If the government does shut down on October 1, as many as a third of its 2.1 million employees are expected to stop work – with no guarantee of back pay once the deadlock is resolved.
National parks and Washington’s Smithsonian museums would close, pension and veterans’ benefit cheques would be delayed, and visa and passport applications would be stymied.
Programmes deemed essential, such as air traffic control and food inspections, would continue.
Shares in New York are trading lower as the prospect of a shutdown of some US government activities looks increasingly likely
Investors will be keen to know if Friday’s job report will be released.
The monthly non-farm payrolls report is one of the most closely watched pieces of US economic data.
Employees at the Labor Department’s Bureau of Labor Statistics (BLS), who prepare the report, would be among those who would stood down in the event of a shutdown.
“All survey and other program operations will cease and the public website will not be updated,” said Erica Groshen, commissioner of the BLS, said in a memo published on the department’s website.
Republicans are targeting President Barack Obama’s healthcare law, popularly known as Obamacare.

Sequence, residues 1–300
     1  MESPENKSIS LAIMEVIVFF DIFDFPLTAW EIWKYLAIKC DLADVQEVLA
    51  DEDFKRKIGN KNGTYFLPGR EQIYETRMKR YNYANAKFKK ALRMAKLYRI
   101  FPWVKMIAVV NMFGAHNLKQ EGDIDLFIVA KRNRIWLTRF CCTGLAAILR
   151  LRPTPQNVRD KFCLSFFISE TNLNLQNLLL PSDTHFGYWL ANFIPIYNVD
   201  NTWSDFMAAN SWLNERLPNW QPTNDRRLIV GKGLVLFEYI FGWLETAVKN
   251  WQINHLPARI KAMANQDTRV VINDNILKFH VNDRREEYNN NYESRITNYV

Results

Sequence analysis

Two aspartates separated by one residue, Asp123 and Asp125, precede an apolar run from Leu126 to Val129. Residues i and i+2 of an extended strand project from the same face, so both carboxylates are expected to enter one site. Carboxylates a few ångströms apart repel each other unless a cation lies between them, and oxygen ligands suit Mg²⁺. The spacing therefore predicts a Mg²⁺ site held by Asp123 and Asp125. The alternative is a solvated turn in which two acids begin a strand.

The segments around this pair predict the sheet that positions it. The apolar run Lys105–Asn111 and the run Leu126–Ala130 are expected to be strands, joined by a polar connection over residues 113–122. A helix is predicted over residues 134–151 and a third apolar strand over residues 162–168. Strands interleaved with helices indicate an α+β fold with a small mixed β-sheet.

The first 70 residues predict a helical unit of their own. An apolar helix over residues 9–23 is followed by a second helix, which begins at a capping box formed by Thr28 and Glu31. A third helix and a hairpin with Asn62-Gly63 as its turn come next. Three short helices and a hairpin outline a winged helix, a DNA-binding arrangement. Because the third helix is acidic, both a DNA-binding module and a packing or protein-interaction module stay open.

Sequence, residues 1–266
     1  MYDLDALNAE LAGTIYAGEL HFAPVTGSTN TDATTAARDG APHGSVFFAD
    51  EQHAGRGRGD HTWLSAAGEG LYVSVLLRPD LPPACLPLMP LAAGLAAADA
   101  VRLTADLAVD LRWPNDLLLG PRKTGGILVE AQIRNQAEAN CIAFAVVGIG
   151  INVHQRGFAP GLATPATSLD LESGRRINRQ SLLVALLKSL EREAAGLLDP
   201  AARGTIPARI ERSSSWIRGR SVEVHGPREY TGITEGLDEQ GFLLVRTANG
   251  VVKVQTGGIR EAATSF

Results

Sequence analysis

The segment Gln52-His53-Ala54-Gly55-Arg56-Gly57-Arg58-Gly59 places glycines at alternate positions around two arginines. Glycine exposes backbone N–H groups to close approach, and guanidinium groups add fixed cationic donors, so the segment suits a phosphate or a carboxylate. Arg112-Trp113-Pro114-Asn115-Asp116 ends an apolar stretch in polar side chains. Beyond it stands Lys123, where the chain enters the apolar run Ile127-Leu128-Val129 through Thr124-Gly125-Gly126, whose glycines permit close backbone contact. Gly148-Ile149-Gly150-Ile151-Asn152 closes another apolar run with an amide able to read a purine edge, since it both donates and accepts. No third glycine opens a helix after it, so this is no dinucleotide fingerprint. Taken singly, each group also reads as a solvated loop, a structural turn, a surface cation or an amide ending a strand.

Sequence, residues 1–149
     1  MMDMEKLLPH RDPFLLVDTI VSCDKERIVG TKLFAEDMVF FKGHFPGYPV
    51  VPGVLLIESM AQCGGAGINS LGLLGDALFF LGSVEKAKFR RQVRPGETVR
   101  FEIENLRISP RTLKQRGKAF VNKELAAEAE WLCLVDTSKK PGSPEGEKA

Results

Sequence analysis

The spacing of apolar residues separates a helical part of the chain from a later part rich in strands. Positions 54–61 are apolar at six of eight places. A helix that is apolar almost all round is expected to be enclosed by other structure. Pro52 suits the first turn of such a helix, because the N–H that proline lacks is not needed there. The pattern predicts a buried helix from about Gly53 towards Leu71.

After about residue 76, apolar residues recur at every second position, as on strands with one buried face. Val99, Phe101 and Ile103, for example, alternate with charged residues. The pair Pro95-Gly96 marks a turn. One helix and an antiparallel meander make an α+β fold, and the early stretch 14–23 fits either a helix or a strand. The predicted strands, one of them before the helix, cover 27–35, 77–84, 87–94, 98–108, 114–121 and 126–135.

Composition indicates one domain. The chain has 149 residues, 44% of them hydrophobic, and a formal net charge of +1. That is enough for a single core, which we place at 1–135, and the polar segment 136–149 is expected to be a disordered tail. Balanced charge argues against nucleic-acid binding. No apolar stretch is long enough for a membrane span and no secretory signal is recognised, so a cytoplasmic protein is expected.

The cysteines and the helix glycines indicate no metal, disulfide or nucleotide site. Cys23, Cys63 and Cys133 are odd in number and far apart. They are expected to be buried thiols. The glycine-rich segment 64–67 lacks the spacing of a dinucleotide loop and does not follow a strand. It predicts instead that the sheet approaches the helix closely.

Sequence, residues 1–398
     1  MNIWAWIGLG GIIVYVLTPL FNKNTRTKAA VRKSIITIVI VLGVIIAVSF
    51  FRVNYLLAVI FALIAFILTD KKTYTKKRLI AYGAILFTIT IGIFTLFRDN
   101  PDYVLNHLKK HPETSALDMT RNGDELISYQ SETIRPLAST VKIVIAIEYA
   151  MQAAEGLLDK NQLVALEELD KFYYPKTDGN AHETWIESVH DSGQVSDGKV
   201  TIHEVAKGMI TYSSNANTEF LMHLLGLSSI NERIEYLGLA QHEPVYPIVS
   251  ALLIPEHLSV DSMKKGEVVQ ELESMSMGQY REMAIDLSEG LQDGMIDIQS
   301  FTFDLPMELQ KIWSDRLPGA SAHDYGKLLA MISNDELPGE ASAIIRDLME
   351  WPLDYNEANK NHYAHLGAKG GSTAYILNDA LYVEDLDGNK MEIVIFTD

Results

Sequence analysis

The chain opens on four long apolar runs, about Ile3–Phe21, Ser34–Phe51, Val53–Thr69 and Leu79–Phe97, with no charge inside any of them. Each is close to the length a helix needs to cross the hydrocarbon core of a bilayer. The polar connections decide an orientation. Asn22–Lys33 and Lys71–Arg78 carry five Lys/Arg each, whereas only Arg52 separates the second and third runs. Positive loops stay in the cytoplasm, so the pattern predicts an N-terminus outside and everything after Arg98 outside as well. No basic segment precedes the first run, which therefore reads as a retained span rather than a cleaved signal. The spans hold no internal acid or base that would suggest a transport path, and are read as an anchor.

Early on Sunday, the Republican-run House of Representatives passed an amended version of the Senate spending bill that removed funding for the healthcare law.
US Senate Majority leader Harry Reid has vowed that his Democrat-led chamber will reject the Republican bill.
“Tomorrow, the Senate will do exactly what we said we would do and reject these measures,” said Adam Jentleson, a spokesman for Senate Majority Leader Harry Reid.
“At that point, Republicans will be faced with the same choice they have always faced: put the Senate’s clean funding bill on the floor and let it pass with bipartisan votes, or force a Republican government shutdown.”
Speaking for the president, White House spokesman Jay Carney said: “Any member of the Republican Party who votes for this bill is voting for a shutdown.”
The president, he said, would also veto the Republican bill.
Privacy & Cookies Policy
Necessary cookies are absolutely essential for the website to function properly. This category only includes cookies that ensures basic functionalities and security features of the website. These cookies do not store any personal information.
Any cookies that may not be particularly necessary for the website to function and is used specifically to collect user personal data via analytics, ads, other embedded contents are termed as non-necessary cookies. It is mandatory to procure user consent prior to running these cookies on your website.